The lead investigator in a case involving the Spencer County Animal Shelter tells Eyewitness News a handful of witnesses have confirmed the shelter euthanized animals on two different occasions by freezing them alive.
Spencer County Sheriff’s Office Detective Chris King says four kittens were frozen during one of those instances.
Authorities are unsure of total number of animals euthanized in this manner.
King and Spencer County Deputy Prosecutor Tom Pulley confirm to Eyewitness News the investigation will now be taken on by the state, citing conflict of interest in one county entity investigating the other.
We are told most likely Indiana State Police will be taking on the investigation, but this will not be confirmed until the case is officially transferred, which can take days or a week.
Eyewitness News’ efforts to reach out to the Spencer County Animal Shelter or Animal Control Board have been unsuccessful.
Eyewitness News Reporter Ashlyn Irons spoke with one veterinarian that works closely with the shelter, as well as a board member Monday afternoon, but no new details or information was shared on the record.
Eyewitness News has reached out to the Animal Control Board’s attorney, and are waiting to hear back.
Eyewitness News was the first to report the investigation into the Spencer County Animal Shelter Saturday after a former employee told us her director asked her to euthanize animals on multiple occasions by freezing them alive. You can read the initial report here.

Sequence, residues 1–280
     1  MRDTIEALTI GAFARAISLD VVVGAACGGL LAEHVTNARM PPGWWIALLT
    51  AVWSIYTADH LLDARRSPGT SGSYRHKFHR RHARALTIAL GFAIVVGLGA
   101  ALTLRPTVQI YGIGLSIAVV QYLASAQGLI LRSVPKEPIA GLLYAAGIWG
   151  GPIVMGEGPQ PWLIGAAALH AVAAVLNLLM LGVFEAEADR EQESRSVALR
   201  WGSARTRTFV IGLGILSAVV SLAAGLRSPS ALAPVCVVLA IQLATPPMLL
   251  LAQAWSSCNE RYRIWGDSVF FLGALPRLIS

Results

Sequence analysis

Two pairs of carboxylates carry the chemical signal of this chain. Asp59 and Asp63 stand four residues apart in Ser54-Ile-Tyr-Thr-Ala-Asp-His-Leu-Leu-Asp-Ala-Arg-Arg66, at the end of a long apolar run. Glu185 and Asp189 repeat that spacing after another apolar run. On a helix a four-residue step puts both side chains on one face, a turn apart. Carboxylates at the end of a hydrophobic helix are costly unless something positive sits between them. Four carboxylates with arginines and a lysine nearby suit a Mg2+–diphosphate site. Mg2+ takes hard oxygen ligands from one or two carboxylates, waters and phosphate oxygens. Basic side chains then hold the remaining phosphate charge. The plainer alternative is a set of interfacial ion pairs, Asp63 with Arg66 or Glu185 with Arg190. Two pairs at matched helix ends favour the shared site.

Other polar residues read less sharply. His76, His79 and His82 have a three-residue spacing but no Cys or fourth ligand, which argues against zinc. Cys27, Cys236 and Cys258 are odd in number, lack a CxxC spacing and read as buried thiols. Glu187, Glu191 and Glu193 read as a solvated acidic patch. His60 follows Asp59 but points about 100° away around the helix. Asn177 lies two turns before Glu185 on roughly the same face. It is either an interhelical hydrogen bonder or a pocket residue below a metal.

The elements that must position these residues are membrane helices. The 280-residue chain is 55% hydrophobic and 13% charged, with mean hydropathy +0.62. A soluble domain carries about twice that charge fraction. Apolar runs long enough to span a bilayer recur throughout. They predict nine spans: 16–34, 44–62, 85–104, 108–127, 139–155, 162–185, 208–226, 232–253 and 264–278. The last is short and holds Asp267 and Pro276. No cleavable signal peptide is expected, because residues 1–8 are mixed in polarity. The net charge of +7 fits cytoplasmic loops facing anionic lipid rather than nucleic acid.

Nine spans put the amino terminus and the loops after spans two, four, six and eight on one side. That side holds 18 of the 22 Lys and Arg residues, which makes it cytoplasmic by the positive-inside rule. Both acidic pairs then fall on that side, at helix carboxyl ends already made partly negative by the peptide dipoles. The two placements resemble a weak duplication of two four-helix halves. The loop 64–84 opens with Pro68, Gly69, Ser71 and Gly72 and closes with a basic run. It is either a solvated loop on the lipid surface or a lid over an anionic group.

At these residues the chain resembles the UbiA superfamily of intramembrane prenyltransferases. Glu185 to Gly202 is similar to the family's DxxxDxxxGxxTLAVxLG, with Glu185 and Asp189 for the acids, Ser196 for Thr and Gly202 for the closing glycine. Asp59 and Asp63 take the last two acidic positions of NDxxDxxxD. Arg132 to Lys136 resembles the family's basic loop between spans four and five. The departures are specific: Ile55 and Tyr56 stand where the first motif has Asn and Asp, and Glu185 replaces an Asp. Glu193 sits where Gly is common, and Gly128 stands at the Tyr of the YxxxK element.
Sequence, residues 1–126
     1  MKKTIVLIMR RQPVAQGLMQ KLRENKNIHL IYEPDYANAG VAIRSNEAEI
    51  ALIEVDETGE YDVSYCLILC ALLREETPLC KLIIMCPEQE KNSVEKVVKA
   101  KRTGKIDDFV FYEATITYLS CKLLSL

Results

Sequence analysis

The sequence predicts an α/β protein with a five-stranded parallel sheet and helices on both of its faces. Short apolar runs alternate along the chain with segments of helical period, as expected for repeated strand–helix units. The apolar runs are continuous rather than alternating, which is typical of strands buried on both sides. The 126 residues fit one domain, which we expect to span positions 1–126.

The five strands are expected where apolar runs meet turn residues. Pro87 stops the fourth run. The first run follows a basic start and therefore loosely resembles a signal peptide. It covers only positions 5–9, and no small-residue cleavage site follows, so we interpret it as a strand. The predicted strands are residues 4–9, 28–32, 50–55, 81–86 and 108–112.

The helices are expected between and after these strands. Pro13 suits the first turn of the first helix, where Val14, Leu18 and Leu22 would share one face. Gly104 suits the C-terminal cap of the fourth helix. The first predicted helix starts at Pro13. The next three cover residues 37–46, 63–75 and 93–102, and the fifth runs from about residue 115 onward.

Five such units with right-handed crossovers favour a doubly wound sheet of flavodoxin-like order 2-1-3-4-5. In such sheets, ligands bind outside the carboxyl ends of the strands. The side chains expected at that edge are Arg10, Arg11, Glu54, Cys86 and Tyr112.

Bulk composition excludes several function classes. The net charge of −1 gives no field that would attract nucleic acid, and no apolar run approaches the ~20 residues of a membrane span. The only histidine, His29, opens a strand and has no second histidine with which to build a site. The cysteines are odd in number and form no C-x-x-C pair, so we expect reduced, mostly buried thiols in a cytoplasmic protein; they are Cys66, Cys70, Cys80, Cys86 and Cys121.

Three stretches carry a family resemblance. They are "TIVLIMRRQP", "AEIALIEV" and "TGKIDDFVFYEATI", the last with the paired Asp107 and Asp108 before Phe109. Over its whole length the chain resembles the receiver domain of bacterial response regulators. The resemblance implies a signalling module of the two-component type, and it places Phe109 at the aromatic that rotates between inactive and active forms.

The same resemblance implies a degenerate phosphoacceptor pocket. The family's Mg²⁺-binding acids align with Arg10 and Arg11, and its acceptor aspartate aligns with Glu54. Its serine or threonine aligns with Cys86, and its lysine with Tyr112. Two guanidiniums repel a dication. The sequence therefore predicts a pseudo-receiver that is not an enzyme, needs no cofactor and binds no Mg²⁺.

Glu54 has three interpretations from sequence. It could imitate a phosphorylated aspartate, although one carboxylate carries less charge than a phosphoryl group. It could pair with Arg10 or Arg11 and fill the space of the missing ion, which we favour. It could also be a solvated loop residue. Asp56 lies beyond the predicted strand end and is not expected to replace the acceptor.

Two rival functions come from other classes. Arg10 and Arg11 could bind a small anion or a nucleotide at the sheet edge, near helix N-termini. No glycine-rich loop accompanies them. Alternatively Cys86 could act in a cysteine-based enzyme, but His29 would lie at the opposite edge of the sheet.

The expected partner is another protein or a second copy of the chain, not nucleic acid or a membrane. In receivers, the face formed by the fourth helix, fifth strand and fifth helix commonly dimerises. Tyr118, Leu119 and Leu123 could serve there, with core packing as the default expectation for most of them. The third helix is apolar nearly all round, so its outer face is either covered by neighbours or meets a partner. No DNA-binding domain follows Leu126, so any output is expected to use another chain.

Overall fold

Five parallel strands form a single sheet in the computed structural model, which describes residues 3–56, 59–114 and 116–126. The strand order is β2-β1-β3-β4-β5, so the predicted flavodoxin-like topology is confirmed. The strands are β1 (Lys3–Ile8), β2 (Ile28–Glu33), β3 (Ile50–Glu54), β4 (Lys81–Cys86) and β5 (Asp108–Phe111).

The employee says her director and Spencer County Animal Control Officer Christina Payne asked her to put the kitten in the freezer.
“The first time I was given an option to either just put it in a bag and put it in the freezer with no sedation, nothing because I’m not a vet, I don’t have the license to be able to do that,” said Bridgett Woodson.
After she refused, she said she was asked again when another cat at the shelter was hit by a car.
“The second time I was not given the option, and I was just told to go ahead and put it in the freezer. I mean, this cat was still up and moving and I had told her, and I still got the same response,” said Woodson. “I refused both times, and the second time I took it upon myself to call the vet myself, to get the kitten there and I told her if money is the problem, you can go ahead and bill me.”
Woodson told Eyewitness News she then went to board members and after not seeing any action taken, she resigned.
Eyewitness News found the American Veterinary Medical Association has deemed hypothermia as an unacceptable and inhumane mode of euthanasia.
Eyewitness News Reporter Ashlyn Irons called Spencer County Animal Shelter Director and Animal Control Officer Christina Payne Saturday evening.
After Irons identified herself as a reporter with Eyewitness News, Payne immediately hung up the phone.
According to the Spencer County Animal Shelter’s Facebook page, despite what they called bad publicity, they are still open.
When Eyewitness News stopped by the shelter Saturday afternoon, a sign was posted on the door saying they will not be adopting out or accepting any cats, as they are currently facing an outbreak of Panleukopenia, a contagious feline disease.
After Eyewitness News’ story first aired on Saturday evening, Spencer County Animal Shelter has since deleted their Facebook page.
We will continue to update this story.
(This story was originally published August 13, 2018)